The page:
Adam Silver Implied the NBA Can Learn From Magic Johnson, Michael Jordan, and Larry Bird’s Approaches to Load Management

If NBA commissioner Adam Silver wants to fix one of the league’s lingering problems, he’s ready to revisit how Michael Jordan and other basketball legends handled the same issue.

The NBA has spent nearly a decade dealing with the topic of load management and superstar players, including Los Angeles Clippers star Kawhi Leonard, sitting out regular-season games to rest. Silver may have found a solution, and it involves a six-time champion who did his best to play in all 82 games per season.

Adam Silver referenced Michael Jordan and other NBA legends when discussing load management

NBA commissioner Adam Silver (L) and legends Michael Jordan and Magic Johnson (middle) and Larry Bird.
NBA commissioner Adam Silver (L) referenced the likes of Michael Jordan when discussing load management | Arturo Holmes/Getty Images; Al Seib/Los Angeles Times via Getty Images; Focus on Sport/Getty Images;

Contrary to popular belief, the San Antonio Spurs didn’t create the topic of load management when they sat Tim Duncan and other starters in a 2012 game against the Miami Heat.

Understandably, teams have wanted to rest their best players at points in an 82-game season. That included Jordan, who played all 82 games in nine of his 15 professional seasons.

When he appeared on the Aug. 19 episode of Carton & Roberts on WFAN in New York, Silver referenced how Jordan and some of the other great players in league history handled load management in the 1980s and 1990s.

“There were certain games in the middle of the week that if a star player, usually what they did back then is they still suited up, they still started; they would reduce their minutes, you know, maybe take the whole second quarter off. And for those fans, especially those who are in the arena and [it may be] their only opportunity to see Magic Johnson, Michael Jordan, Larry Bird or whatever, they still were satisfied.”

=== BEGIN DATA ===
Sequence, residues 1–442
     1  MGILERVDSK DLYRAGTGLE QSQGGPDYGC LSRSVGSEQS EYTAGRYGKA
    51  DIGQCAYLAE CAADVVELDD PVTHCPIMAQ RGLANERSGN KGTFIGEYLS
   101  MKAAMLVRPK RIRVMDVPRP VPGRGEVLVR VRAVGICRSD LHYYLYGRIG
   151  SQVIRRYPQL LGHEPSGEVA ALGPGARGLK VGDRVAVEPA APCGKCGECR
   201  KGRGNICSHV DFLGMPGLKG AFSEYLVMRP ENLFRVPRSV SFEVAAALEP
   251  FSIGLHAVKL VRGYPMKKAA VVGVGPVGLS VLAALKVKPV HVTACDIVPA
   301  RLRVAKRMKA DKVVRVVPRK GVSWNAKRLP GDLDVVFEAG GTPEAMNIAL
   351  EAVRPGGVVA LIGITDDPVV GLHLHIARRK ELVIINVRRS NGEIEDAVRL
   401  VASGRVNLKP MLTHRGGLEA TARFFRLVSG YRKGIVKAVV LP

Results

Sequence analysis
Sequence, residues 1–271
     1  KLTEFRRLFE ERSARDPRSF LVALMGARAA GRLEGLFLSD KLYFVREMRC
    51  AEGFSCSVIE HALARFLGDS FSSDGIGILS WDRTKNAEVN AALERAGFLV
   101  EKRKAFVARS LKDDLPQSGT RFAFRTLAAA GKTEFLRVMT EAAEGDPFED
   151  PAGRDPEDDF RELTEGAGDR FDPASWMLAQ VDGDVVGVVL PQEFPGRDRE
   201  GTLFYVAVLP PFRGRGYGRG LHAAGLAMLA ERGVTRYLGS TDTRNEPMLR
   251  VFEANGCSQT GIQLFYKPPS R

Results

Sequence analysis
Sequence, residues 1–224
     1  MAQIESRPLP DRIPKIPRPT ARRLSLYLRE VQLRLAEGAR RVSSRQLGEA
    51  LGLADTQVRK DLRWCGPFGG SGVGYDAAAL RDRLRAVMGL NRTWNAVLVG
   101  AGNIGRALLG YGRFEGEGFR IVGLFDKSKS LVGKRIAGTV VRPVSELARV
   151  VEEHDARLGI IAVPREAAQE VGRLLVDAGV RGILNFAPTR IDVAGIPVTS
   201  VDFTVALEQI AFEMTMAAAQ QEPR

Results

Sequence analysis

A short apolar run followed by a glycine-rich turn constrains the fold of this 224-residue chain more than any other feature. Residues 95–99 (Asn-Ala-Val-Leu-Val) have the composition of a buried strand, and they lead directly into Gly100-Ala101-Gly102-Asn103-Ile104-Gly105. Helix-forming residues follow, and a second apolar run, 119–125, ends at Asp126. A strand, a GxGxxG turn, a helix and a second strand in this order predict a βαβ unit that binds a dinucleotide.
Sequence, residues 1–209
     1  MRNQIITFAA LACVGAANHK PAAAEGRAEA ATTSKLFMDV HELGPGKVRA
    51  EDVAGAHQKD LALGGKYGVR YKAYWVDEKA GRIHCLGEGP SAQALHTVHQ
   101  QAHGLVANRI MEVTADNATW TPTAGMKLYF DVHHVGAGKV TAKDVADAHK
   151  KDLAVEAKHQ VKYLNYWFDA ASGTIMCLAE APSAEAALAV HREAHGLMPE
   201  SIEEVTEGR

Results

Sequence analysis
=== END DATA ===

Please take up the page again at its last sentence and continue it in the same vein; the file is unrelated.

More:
Adam Silver

The idea certainly makes sense. Which sounds more appealing? Fans only seeing James Harden play 40 minutes in a January game for the Brooklyn Nets while Kyrie Irving and Kevin Durant rest? Or watching all three play for 25-30 minutes each?

The NBA needs to adopt a similar strategy and begin enforcing it immediately

The NBA is in a difficult situation regarding load management. Players need their rest, and the league needs the game’s best players, from LeBron James to Zion Williamson, participating in nationally-televised games.

If there is a way that the league and union can agree to try testing the idea Silver suggested, both sides need to do so immediately. This is a realistic compromise to a problem that fans and players have been divided on for years.

Think about James, who turns 37 in December and has had injury issues in two of the last three years. There are some basketball fans out there who have never seen James play live, and they may only get one opportunity to do so.

Watching James only play for 25 minutes in a Friday night matchup against the Minnesota Timberwolves might not sound exciting at first glance. However, that fan will likely never forget the night where they bought an overpaid ticket to witness one of the greatest players in league history.

Load management as a whole still isn’t going away

There might not be an ideal solution to the load management problem. Teams are still going to want to rest their best players or who, like James, are older and could benefit from a night off.

However, maybe there doesn’t need to be that one easy answer, at least not right now. The best resolution may be nothing more than a compromise.

Teams have shown a willingness to accept the fines for sitting two starters on a Thursday night game or on the second night of a back-to-back. Conversely, the NBA likely will never threaten to strip teams of draft picks for load management.

If the answer is to compromise, then so be it. Older basketball fans often praise Bird, Johnson, and Jordan for playing in a more demanding and physically challenging era. Who would have guessed that the legendary trio may have inadvertently offered the solution to one of the modern game’s most significant problems?

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